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THE NASHVILLE GLOBE, FRIDAY, SEPTEMBER, II, IS 03.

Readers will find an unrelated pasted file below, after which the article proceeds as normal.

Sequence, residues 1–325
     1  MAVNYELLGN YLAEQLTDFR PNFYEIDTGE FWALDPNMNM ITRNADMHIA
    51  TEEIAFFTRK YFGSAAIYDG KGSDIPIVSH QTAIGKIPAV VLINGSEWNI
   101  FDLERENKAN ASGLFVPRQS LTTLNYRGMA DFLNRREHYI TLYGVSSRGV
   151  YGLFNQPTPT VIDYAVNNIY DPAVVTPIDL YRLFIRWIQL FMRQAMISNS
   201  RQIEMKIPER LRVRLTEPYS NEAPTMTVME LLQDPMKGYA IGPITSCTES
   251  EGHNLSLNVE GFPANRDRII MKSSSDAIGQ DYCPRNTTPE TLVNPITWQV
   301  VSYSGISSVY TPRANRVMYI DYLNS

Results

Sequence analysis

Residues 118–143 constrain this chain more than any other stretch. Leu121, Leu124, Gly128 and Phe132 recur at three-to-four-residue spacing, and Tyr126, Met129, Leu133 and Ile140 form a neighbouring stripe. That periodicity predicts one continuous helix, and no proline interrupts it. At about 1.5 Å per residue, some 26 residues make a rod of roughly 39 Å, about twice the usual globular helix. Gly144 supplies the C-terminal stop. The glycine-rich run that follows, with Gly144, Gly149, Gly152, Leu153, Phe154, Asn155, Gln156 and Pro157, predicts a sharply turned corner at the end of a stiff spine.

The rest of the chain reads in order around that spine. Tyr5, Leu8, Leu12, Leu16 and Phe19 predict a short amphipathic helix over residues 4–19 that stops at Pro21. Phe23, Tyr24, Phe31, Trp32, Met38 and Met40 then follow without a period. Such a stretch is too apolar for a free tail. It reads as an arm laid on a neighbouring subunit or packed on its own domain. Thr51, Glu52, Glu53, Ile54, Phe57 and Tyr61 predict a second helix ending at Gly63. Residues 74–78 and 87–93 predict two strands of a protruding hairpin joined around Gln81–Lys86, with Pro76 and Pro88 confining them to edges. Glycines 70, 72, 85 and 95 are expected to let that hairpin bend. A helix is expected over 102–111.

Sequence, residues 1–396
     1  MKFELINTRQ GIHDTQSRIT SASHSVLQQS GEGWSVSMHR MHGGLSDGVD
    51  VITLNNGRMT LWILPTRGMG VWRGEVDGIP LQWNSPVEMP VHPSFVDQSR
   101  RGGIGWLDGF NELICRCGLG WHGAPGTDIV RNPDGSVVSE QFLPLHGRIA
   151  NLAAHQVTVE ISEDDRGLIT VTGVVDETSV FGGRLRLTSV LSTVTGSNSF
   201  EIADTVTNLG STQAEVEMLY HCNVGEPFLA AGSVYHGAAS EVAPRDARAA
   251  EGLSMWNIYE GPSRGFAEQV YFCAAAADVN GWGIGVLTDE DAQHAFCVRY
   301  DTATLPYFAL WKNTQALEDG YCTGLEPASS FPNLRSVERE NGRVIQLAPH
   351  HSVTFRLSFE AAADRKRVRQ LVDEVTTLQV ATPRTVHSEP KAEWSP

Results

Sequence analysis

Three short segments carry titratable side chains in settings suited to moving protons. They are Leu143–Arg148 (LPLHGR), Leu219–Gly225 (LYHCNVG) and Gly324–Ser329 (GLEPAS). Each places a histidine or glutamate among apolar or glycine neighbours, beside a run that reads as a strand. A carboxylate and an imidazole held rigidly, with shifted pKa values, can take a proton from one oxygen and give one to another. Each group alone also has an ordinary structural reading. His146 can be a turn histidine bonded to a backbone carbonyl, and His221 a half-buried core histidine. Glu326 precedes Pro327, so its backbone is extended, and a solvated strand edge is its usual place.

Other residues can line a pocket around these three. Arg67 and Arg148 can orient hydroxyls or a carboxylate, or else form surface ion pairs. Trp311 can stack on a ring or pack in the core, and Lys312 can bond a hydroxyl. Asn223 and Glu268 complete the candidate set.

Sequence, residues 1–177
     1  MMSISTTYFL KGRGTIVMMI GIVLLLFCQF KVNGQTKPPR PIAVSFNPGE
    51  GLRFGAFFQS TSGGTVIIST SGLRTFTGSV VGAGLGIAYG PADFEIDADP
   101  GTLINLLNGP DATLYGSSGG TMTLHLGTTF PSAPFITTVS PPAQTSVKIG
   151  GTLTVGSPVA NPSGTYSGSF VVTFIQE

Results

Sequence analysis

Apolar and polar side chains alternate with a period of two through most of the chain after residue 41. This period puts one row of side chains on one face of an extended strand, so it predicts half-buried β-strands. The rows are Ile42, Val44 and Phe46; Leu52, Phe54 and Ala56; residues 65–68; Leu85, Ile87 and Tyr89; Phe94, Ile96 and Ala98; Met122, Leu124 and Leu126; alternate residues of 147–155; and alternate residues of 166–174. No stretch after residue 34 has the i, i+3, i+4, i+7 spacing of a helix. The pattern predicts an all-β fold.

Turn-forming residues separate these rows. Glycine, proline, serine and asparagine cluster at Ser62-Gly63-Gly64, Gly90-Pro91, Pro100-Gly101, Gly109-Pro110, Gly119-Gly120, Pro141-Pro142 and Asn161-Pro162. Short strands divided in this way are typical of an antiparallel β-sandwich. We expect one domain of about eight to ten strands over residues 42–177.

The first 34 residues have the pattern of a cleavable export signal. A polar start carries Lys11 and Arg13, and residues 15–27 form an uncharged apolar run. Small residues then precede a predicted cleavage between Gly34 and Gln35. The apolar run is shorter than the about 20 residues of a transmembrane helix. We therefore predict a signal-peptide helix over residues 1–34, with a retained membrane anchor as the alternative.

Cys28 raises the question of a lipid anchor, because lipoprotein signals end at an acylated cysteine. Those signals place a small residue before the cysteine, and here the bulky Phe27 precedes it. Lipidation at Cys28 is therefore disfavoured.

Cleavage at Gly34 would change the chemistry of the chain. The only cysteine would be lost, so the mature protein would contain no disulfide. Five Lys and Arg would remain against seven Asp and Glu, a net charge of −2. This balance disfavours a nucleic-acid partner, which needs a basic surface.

W T CZ3 1 S( II vini mrr t irn' R.EMI IFFlCi 1 INJ I Mrs. Vlor :w es' j-od whi he Nashville Globe. .i Wished F.very Friday in tho Year. Room i. odd Ftllows Hall, No. ill Fourth Ave nue, North, Nashville, Teuu., BY THE OLOBlv PUBLISHING CO. J. O. BATTLE ; PBESIOtNT C. H. BURKIIL, 8cCRETr H. A. BOY3, Tmsuta j D. A. HART, Business M A ftAGfc H Telephone Main 433-L. 1S.VTTLI-: F.ditok. Unit-red as second-class mailer .January l'.i, at the post-oHicc at Naslivllle, lennes ec, under the act of Congress of March 3, No Notice taken of anonymous contrlbu lons. SUBSCRIPTION IN ADVANCE. One Year $i 50 Imx Months So Three Months 40 ".ingle Copy 05 Notify the otlice when you fall to get your paper. ADVERTISING RATKS FURNISHED Hl'iiN AlTLK'ATluN. RKAl'MSO MA1TKR KATKS. 5 cents per line for each Insertion. 8 cents per line fcr.eaeh Insertion (black face). Advertising copy should be In the office" not later than 9 a. in. Tuesday of each week. TO THE PUBLIC. Any erroneous reflection upon the char.ic- ter, Hiandlni; or reputation ol' any person, 11 r in or cotnoratlon. which may appear In tho coluninsofTlIK NASHVILLE (.LOBE win be uiadiy corrected upon bein t; brought raade, not one cent has been appropri to the attention of the manaircnient. " f Send eorresnondenee for publication so as. .to reach the oll'ice Monday. No matter In ; tended for current issue which arrives as late ns Thursday can appear in that number, as .jr-- Thursday Is press day. All news matter sent ns ior punucaut.ii must bo written only on one side of the pa per, and should be accompanied by thename of the contributor, not necessarily for publi cation, but as a n evidence of good faith. THE NEGRO AND POLITICS. The Chattanooga Daily Times, one of the best edited newspapers of America, in concluding an editorial in commendation of the Greater Nash ville Edition of The Globe, makes the following statement: xo u1Ul.d ucuivuuao vUO "-"'"fc clearlv Neeroes who attend to their business, let politics alone a"hd do not Superintendent Jones the one in Mid make themselves offensive by officious die Tennessee where the whites have .meddJins in the affairs of white peo- the Peabody Normal School with its htuZti P g y The Times is one of the fairest pa- pers in the South on the race ques- tion and is right more often than oth- erwise in its conclusions on the much discussed "problem." The Times, however, falls into the ' usual fallacy when it says by inference that the Negro should let politics alone. The Negro should do nothing of the kind. The Negro more and , more is becoming a taxpayer here in the South and as such is as vitally interested in the government of the c.itv nr ronntv in which he mav livfi as any other man. He pays the same tax-rate on what he possesses as any other citizen and he is as much con- cerned in the disposition of these tax- es as anyone else. Instead of ipttinsr noli ties alnnp. the Negro should learn to register at the oneninsr of the registration season, to pay his own poll tax, and vote with some intelligence as to his best inter est in the local elections where per mitted to do so. If the Negro would but learn to be his own political boss, allow no man to offer him a bribe for his vote, and to vote for men best qualified for office men who will per- form their every duty with justice and impartiality many of the causes of friction between the two races would be removed. With the Negro not participating in T.olitics the white man considers anv- thing he may do towards giving the race some of the benefits of govern- ment as an act of charity a case of noblesse oblige. He forgets that the Negro is paying taxes for those very benefits and many others which he does not receive. This should not be. and with an active, unpurchaseable, intel- ligent, independent, Negro electorate, men fleeted to office would recrard their oath of office more than "color or previous conditions of servitude" in performing the duties for which they were elected. STATE ZCIIOQLS. 11 TVnaa A ionn t-fVi r a ctntp thnt Siinpnn- tendent of Education, It. L. Jones, will ask the coming session of the state legislature for $100,000 for the es tablishment of three Normal schools for the training of teachers. Since no special mention lias been made that one of these schools is to be set apart for Negroes, we assume thai l'rof. Jones has in mind the building of all three schools for whites. We are in hearty sympathy with the educational campaign that is on in this state and hope that it will re sult in an increase in the length of the school term, better teachers at higher salaries and a reduction of illiteracy among all classes throughout the state. We hope the legislature which will be elected this November, will vote an in crease of appropriation for education al purposes. But coming to Superintendent Jones' proposition, is it not time that a state Normal industrial and agricultural school should be established for the Negroes? An appropriation of $250, 000 has been made by the state for the endowment of Peabody Normal School, another of $100,000 for; the years of 1908-1909, for the University of Tennessee; $10,000 for the estab lishment of an experiment station in West Tennessee and besides these ap propriations the general government is assisting the University of Tennes see through the Morrill Fund. Only white students can enjoy the fruits of these appropriations on account of the separate school law. During the time since all these appropriations were atea airecuy ior me education 01 tne Negro. It is about time in all justice and fairness, if more schools are to be con structedand they should be built that some consideration should be shown the colored youth. The state has been dealing liberally with its ap propriations for the benefit of the whites, then why be parsamonious with the blacks? If the state is to re ceive the fullest returns from an im proved educational system it must pro vide for all of its citizens without re gard to any class distinction. One 0f these new schools recommpndpd hv 01 uiese new SCu0013 recommended Dy mmion dollar endowment coming from the state Davidson County, Nash- Vllle and e Peabody Trustee Board should be for the use of the Negroes of tne state, HARMONY. The republicans of Tennessee have harmonized their differences. By the terms of the agreement G. N. Tillman Pf the "office-holders" convention, be- comes tne Party's candidate for gov ernor aml F- A- Raht- of the "home rulers," the candidate for railroad commissioner. ine electors were evenly divided between the two fac tions and ten "home rulers" were add e(1 to the "office-holders' " state execu tive committee. The compromise, so ifc is stated was engineered by Chair man Hitchcock of the National Re- Publican Executive Committee. This harmonizing of the discordant elements was to have been expected As we have pointed out heretofore, Tennessee with one republican candi date, and he a native of the state, ought to be classed in the list of doubt tul states. lor the republicans to have Pursued any other course under the circumstances than the one they (3ld would have heen suicidal to the fu ture welfare of the lmrtv The national organization recognizes the Popularity of Judge Taft in this bLdLe Aim wm I10W aouDtiess make a sreat effort to carry the state for him. I Th?y may succeed In the meanwhile the kind of har mony ,hat exists in both Parties is shown by Mr. Carmack, who as the 0(litor of a democratic newspaper is (loinS his part to turn democratic votes to the republican ticket and candidate Tillman, who by his speech es la driving Negro voters to the sup- Port of Patterson. An ex-member of the Mississippi legislature acknowledges that he or gani.ed and led the mob, which lynched a man at Oxford, in that state, this week. He boasts of the part he played in the affair and an nounced his willingness to suffer the consequences. This man, whose name is Sullivan, must have an eye on the governonsmp of Mississippi or, per IN haps, he expects to oppose Vardaman for the next vacancy in the United States Senate, He has established his eputation with the "red necks" of his home state and they are ready to elect him to any office he may want Two years ago the republicans had an excellent opportunity to carry Ten nessee, but they were so anxious to get the disaffected democrats that they snubbed the Negro a loyal supporter of the party since the iranchise was granted him. This year the Negro is needed but it seems that Mr. Sanders does not know it He and his candi date are still chasing the bubble of a I white man's party. The bubble will be before them until November and then something will happen. The Negro vote will be the balance of power in Tennessee this year. Without it Mr. Tillman can not hope to be elected. At the present the col ored brother seems very languid when the name of the republican candidate is mentioned. Mr. Tillman's opening speech, in which he intimates that he is glad to be rid of the Negro vote, has increased the number who will not stand for "lily whiteism" in the republican party. Poor old Joe Gans! He has fought the good fight. His course is now end- should remain for me to say whether ed! For many years his star was in I shall prefer charges against the of tho ascendency but now that it has Acer referred to in Tuesday Araeri- IsClll 111 VUllUULlUU VT 1LU IUC X1 IUIO VV CIA started on the downward course, it is ter8. cas6( or when j shall do so hoped that he has saved enough when I do, then it will be his duty as of the bacon to keep from dying at a a servant of the people, more sub charitable institution as did George servient now than ever because of Dixon. Tennessee has a republican se executive committee composed of thir- ty members since the warring factions of the party have come together. One member of the committee is a Negro. T . . t , x , Just think of it, twenty-nine to one! One would think judging by the pro- portion that the committee was elect- ed by a democratic primary. COMMUNICATIONS. The Finis Walters Episode. To the Nashville Globe: Recently, so recently that may be easily recalled to the memory 01 me readers 01 one 01 tne aaiiy pa- pers of -the city, a humane citizen, writing under tne non de plume "An Unwilling Witness," told in a plain ana unvarnisnea manner or a ponce- niau a ucdimeui ui a wiuieu mciu i A t 1 . J whom he had placed under arrest, He considered it brutal and said so wunout mincing woras. ine anair unaer Comment tOOK Place On tnehfppssiirv hAntlne- nf the, unrpetatlTKr wnari ana owing to tne victim neing a XT J. X - . 1- i A l A a 11 I iNegro, 11 was uiougux uiat. no iurinernjghed protest nouce wouia De lasen 01 11. uui ae- velopments since have shown that such a view of the matter is er roneous. The case has been brought again before the public by what has been said through tne newspapers recently by His Honor, the Mayor, and Mr. Jones. His Honor took cognizance of what Mr. Jones had written of the brutal beating of the prisoner and came out in an article stating that he had urged iv hofnm tho pivti q0im CLio sion, that the officer may be brought J V IUV V I A V- i T ItV KJJ LL Ail IO to trial, and that the latter has failed to do so. The language of the Mayor seems to attempt to convey the im pression that there is not much foun dation to what was written about" the cruelty of the officer to prisoner, for he cites the names of several wit- ln ms Ieuer 10 ine American, lie nesses who, he says, refute and will declares that it would have been im refute what Mr. Jones has said. possible for the witnesses of the oc- Mr. Jones follows the Mavor's com- munication with a pointed answer and positively states that he, too, has sev- eral witnesses who will bear out his version of the matter. After reiterating what he had said in his former article concerning the awful clubbing of the prisoner, Mr. .Tones has this to say, which is taken from The American of August 26: "For the past several generations Mayor Brown's people have repre- resistance. To accost a man and al sented my people in various capacl- most brain him upon the instance is ties, and more especially during the past two generations in a legal way. He comes from a long line of gentle- men in a true sense of the word. His father was a man of strong character and wonderful ability. His people, as have mine, have been large slave holders, and It is surprising to me that he does not emulate their exam- pie by protecting a class of benight- ed people against the tyranny of touts, gamblers and loggerheads. "It has always been the business of my people to Instruct his people as J to how they wished things done, and ALL WE ASK IS TO If you need anything in our line, such as buying Merchandise or borrowing monev. We assure you fair treatment and if you are dissatisfied with any thing that you may purchase from us, return "it and we will cheerfully refund the money. irOU & HARRY HARKLE PAWN BROKERS. A, W, SUTHERLAN,mQnager, 403 Public Square ffiffl- Nashville, Tenn. GLOBE ELECTRIC CO., kj uedar Street. Have your house wired, switch boards nut in. combination fiv,,c !, s fixtures cleaned and changed to combination For anything electrical on the globe, see the GLOBE ELECTRICAL CO., 420 Cedar Street J. t hna tVion hoan thotr. Antv in. An Mrura I ' .w " lUWl UUl IV UV W1U,II in a legal way, which they have al ways done with a marked decree of success. Naturally, therefore it me omce ne noias, 10 see 10 11 max the case is handled properly and the citizenship protected. weii tv,at. my statements are correct beyond question, and In their opinion it is not necessary for me to prove anything. However, the case will be DrouSnt ? attention or tne grand lury, and will be vigorously prese- cuted for humanity.s sake, and not for the individual. If Walters was Injured by butting his head against a beam, it is strange that the top of his head should be split open." It Is understood and clearly so, that the man, who, through his article and manly position in the matter, brought It before tthe authorities, was actuated by the noblest motives that could arise in the breast of a H worthy and justice-loving citizen. His (Wv. as it is everv eood citizen's wnen he sees a crime committed. whether by officer or other, was to Sneak out. and he spoke out and in no uncertain wav at that. The val- ue 0f such citizens, who have a hieh I .. .. . spuba nf Instlrft nnrl rrvnrne'fl mm- mensurate thereto is Inestimable to any community in which they live n was not the arrest but the un nrisoner that eave rise to the nub The American has the following to pay about Mr. Jones' action In the case: "He has not yet decided whether he will bring charges before the Civil Service Commission in the case, as he is awaiting the advice of an attorney who is now out of the city. How ever, according to his statement, the matter of the alleged mistreatment of the Negro, Finis Walters, will be brought to the attention of the grand iuT, Walters will be represented I . m . , , , X 1 t "J uuc ttLL"'" "Mr. Jones states that there were four men other than himself who saw the Incident from the east bank of the river, and that they all agree with hlm as t0 eveiT statement hie made urrence on the west bank to have Peen tne incident, as the blows were "trucK nenma a clump or nusnes. im declares that the Negro was struck eint times on the body, besides the "lows on the nead- There is no necessity of an officer of the law, whose duty It Is to maln- tain peace and order, resorting to his eun or billy to make an arrest when the alleged offender submits without palpably wrong and lies outside the pale of reason, duty and manly courage. Offenders of the law must and oua;ht to be taken In charge by those whose duty It is to do so, but then there Is the way for doing this - without accompanying the word of ar rest with a bullet or a knockout blow with the "billy." No sympathy for nor extenuation of any misdemeanor or crime finds room in this communl- 'cation. The position of "An Unwlll ing Witness" is the position here taken. There is no need of officers beating up those whom they wish to GIVE US A TRIAL! E. EDWARDS, Mgr. COMPOUND EXTRACT OF Sarsaparilla SKIN and BLOOD Purifier 1 ' , ,. '."vsa Best Known Remedy For Pimples. Pustules, Boils, Blotches, Rine worm, Salt Rheum. Ulcerations, Sores, Scrofula, Constipation, Rheumatism, Syphilitic Affections, Etc TELEPHONES: Main 1718 and Main 4035 For Anything That Comes from a Drug Store. Prescription! Sent fur and Delivered FREE! BICYCLE SERVICE DAVID J. KUIIII, Druggist Cor. Cedar and 1 2th Ave., Nashville, Tenn. M arrest when such parties obey the law's representatives. Mr. Jones, who, through his public letter, called the attention of the au thorities to the Walters' case, needs no encomium, for he simply per formed his plain but conscientious duty as he saw it, and as a humane man and an honorable citizen. This Is worth much to the community in that it turns the light on some erst while unnatural abuses. JADAOEE. R. I MAY- A CARD FROM MR. FIELD. To the Nashville Globe: I notice in your issue of September 4, anent the debate between Mr. A. N. Johnson and myself that you pay quite a glowing tribute to my side of the debate in a manner that the facts, which you afterwards publish, do not justify. I am not at this writing able to divine your motive in the matter, and for that reason I am compelled to say it was done in good faith until the contrary is proven to me. I will give the Globe the privilege to make known through its columns that I will meet Mr. A. N. Johnson in a joint de bate on the subject, which we were to debate, and which was only incident ally referred to by me, and was not referred to at all by Mr. Johnson, or I will debate the subject debated by Mr. Johnson on the evening of our de bate. Any person present can verify the truthfulness of the assertion when I say that the subject we had chosen was not debated by Mr. Johnson. I am willing to meet Mr. Johnson at any time and place upon one week's notice. Yours, It. L. MAYPIELD. Nashville, Sept. 7, 1908. COMMENTS ON THE GREATER NASHVILLE EDITION OF THE GLOBE. CREDITABLE NEGRO PUBLICA TION. "We are in receipt of the "Greater Nashville" edition of the Nashville Globe, owned, edited and published by -v